Forget the calendar. With The Avengers, Battleship, and Men In Black already battling aliens at the multiplex, Hollywood's summer has arguably been under way for weeks.
No doubt, the tent-pole blockbusters — Ridley Scott's Prometheus, The Amazing Spider-Man, The Bourne Legacy, and the rest — will offer plenty of entertainment value, but there are a couple of hardy, resourceful little girls you might want to attend to, too.
In the early days of the Cold War, the U-2 spy plane helped the U.S. collect intelligence on Soviet military operations. It was a relatively unknown aircraft until May 1, 1960, when U-2 pilot Francis Gary Powers crashed one in the Soviet Union. (Powers spent nearly two years in Soviet prisons before he was released.)
Substance abuse. Violence. Even thoughts of suicide. These are some of the problems that many veterans returning home from the wars in Iraq and Afghanistan are struggling with.
Today it's called post-traumatic stress disorder, or PTSD, but it has affected veterans going back much farther. While doctors and researchers put enormous efforts into developing new treatments, one group of veterans in Salt Lake City is finding relief in a very old tradition: a Native American sweat lodge.
The runoff vote for Egypt's next president will pit the Muslim Brotherhood's candidate against the last prime minister to serve under Hosni Mubarak, according to full official results released Monday by the election commission.
Commission chief Farouq Sultan told a news conference that the Brotherhood's Mohammed Morsi and Ahmed Shafiq, a former air force commander and a longtime friend of the ousted leader, were the top two finishers in the first round of voting held on May 23-24.
In Egypt, Ahmed Shafiq and the Muslim Brotherhood candidate, Mohammed Morsi, will face each other in a runoff election next month. David Greene talks with NPR's Soraya Sarhaddi Nelson about what these results might mean for Egypt's future.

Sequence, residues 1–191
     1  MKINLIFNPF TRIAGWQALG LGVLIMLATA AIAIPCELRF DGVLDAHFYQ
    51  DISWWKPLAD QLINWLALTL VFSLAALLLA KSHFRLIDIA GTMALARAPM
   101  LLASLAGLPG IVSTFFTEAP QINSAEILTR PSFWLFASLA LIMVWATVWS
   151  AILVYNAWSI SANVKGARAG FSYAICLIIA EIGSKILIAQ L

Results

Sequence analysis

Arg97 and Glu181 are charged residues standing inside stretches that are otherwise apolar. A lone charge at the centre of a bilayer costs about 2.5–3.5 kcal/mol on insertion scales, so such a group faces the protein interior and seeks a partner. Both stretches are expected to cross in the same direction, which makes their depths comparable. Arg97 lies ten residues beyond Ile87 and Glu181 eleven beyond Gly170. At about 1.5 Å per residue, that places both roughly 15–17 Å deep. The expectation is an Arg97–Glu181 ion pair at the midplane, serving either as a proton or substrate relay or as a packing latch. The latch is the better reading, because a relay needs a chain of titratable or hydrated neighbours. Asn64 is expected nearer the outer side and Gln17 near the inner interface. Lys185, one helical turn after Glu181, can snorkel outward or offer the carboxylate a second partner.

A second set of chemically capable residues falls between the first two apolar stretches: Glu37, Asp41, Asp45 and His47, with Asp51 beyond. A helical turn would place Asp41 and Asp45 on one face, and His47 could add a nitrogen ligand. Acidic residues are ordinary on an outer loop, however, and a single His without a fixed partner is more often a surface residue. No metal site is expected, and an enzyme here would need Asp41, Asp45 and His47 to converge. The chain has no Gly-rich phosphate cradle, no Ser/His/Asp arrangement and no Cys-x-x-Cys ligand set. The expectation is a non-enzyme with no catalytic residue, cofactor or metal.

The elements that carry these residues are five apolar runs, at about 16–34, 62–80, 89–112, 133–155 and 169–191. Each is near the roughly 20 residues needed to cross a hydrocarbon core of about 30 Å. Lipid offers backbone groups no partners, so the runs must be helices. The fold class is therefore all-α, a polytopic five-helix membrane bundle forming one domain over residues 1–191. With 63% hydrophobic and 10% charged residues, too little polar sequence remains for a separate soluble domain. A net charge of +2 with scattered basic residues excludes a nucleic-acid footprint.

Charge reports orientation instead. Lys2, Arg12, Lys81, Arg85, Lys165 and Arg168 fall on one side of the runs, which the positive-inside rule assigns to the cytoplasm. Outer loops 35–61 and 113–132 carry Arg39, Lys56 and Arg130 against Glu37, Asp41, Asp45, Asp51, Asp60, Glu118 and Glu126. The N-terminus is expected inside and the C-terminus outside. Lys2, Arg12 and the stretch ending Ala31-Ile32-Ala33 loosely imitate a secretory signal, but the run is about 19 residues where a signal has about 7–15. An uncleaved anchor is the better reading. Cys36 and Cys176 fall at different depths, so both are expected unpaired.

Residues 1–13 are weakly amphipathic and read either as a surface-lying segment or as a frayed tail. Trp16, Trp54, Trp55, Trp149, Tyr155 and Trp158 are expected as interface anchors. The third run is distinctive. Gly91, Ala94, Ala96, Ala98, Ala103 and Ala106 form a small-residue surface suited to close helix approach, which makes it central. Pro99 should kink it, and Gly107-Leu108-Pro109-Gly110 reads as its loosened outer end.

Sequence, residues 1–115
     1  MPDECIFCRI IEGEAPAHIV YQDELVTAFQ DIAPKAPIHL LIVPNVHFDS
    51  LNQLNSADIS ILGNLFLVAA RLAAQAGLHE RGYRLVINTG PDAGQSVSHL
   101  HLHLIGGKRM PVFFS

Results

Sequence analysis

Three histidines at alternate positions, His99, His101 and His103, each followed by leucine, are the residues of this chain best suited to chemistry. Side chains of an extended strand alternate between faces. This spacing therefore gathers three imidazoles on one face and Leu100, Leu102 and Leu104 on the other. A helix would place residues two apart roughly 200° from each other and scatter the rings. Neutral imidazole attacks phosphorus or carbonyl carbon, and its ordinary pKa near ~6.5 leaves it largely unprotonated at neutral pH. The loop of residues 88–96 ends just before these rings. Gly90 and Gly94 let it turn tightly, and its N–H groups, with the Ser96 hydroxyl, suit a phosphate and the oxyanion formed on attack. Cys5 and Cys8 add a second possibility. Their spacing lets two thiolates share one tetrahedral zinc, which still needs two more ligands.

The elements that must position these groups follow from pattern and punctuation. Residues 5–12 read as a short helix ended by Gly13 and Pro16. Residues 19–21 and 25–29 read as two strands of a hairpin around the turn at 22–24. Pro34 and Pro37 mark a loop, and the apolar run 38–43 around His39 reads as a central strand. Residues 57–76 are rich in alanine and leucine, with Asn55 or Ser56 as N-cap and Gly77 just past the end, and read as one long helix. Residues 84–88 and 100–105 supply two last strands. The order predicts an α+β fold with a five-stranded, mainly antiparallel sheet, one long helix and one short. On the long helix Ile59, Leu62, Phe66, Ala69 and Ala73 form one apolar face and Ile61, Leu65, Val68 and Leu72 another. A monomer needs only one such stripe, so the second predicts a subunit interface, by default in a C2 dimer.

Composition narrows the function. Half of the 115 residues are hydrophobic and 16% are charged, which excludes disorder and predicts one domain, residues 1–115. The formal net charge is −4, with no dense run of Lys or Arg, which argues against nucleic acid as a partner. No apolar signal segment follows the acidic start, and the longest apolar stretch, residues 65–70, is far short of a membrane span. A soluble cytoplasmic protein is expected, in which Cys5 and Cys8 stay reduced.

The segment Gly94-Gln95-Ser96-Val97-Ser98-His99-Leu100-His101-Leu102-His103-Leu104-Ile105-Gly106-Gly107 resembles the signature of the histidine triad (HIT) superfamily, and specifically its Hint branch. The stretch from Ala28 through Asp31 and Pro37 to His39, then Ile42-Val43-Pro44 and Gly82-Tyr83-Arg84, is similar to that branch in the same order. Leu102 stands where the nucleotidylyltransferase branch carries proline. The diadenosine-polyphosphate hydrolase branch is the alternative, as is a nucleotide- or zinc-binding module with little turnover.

The United Nations special envoy to Syria, Kofi Annan, is in Damascus today to urge the Syrian government to abide by a ceasefire that most agree has been a failure - this after a horrific massacre over the weekend that left more than 100 people dead, nearly half of them children. Witnesses say Syrian army troops shelled a residential area, and then pro-government militias moved in and went on a killing spree. NPR's Kelly McEvers joins us from Beirut. And, Kelly, what happened in this village?
Mel and Joey Schwanke have been married 64 years. The Fremont, Neb., couple appears to be the perfect match — perhaps their secret is matching outfits. The Schwankes told Omaha's KETV they've dressed alike for decades. They've got a closet full of 146 combinations. Mel's tie always matches the patterns on Joey's dresses.
This is MORNING EDITION, from NPR News. Good morning. I'm David Greene.
The soldier's motto is leave no man behind. And one very visible symbol of that promise is the bracelet worn by many Americans to honor a prisoner of war or a service member missing in action. One bracelet created a rare bond between two people. Both had lost a close family member in service overseas. On this Memorial Day, here's Curt Nickisch of member station WBUR.